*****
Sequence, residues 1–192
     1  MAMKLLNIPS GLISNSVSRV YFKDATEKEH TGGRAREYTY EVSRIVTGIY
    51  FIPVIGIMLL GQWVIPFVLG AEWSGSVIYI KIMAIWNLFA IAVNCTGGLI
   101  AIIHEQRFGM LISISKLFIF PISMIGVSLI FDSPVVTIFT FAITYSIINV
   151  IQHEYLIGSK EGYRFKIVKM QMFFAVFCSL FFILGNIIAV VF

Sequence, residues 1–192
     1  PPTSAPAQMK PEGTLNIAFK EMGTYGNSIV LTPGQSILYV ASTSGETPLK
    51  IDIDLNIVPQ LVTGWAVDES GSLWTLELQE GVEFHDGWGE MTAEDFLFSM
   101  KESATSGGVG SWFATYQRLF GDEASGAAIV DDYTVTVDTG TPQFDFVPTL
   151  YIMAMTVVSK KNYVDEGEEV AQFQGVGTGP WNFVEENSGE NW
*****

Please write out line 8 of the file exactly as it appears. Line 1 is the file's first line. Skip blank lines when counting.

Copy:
    51  IDIDLNIVPQ LVTGWAVDES GSLWTLELQE GVEFHDGWGE MTAEDFLFSM